Back in 2008 the Pharmaceutical industry ostensibly took the high road and called for a moratorium on branded items handed out to doctors. No more free pens. Then in 2010 the Physician Payment Sunshine Act cemented in place red tape impeding other gifts to physicians. No more free lunches … with out filling out a form for Uncle Sam.

Well the truth is: “We’ve got big problems in health care, and I don’t think the problem is pens,” stated Houston physician Stephen Lapin, MD, speaking what was on the mind of virtually, if not literally, every physician.

These changes didn’t accomplish much if anything but a few warm fuzzy feelings for politicians, while the folks in C-Suites likely congratulated each other with a slap on the back for yet again shifting the blame onto doctors and covering up their own corruption.

This time doctors are fighting back and asking for real change, change with the potential to save patients to the tune of $100 billion dollars. How? By axing out the Pharmaceutical industry kickbacks being used to bribe the middlemen in control of American’s pharmaceutical benefits.

Your action is needed by July 16 to help end these improper bribes that are driving up costs, creating shortages, and controlling the prescriptions covered by your plan.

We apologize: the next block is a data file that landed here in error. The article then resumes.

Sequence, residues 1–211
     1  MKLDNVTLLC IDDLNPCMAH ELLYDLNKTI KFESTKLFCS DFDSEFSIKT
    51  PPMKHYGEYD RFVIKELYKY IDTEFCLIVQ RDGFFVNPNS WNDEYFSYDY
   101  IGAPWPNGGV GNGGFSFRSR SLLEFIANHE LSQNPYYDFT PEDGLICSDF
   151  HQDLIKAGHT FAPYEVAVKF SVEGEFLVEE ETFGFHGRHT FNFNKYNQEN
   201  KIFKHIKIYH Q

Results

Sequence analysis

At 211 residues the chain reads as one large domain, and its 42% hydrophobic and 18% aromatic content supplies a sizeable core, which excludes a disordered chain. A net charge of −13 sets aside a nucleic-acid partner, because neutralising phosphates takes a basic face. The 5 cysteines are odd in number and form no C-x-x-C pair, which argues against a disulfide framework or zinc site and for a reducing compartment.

Speaking out is easy and instructions can be found here: https://aapsonline.org/alert-and-special-legislative-update-pharmacy-benefits-managers/.

 

Can a Former Pharma Insider Solve Sky High Rx Costs?

HHS Secretary Alex Azar talked a good game in a Rose Garden ceremony and subsequent press conference—held Friday, May 11—on Trump Administration efforts to lower prescription drug costs for American patients.

Azar is, of course, a former executive of Eli Lilly. Can he be trusted to champion the interests of everyday Americans?

We will soon find out.  President Trump stated that Sec. Azar’s insider knowledge about the complex schemes to raise prices, perpetrated by industry middlemen, is exactly what makes him the right person for the job.

Watch the video of the Rose Garden Ceremony:

Although groups like Physicians Against Drug Shortages have been sounding the alarm for years, industry-led smoke and mirrors have, until recently, largely flown under the radar of the main-stream-media. Thankfully, respected outlets like the Wall Street Journal and Washington Times are now beginning to shine needed light on this malfeasance.

As these articles explain, a safe harbor to Medicare anti-kickback law is the major policy failure enabling the bad actors to line their pockets by driving up costs. The safe harbor legalizes kickbacks paid by manufacturers to Pharmacy Benefit Managers (PBMs) and their cousins-in-crime Group Purchasing Organizations (GPOs).

TownHall.com reports: Repealing the GPO/PBM safe harbor to Medicare anti-kickback law “would open the drug and medical supply segment of healthcare to free market competition and foster innovation. In addition, it would result in cost reductions estimated at $100 billion [actually more like $200 billion], including savings for the Medicare and Medicaid programs.”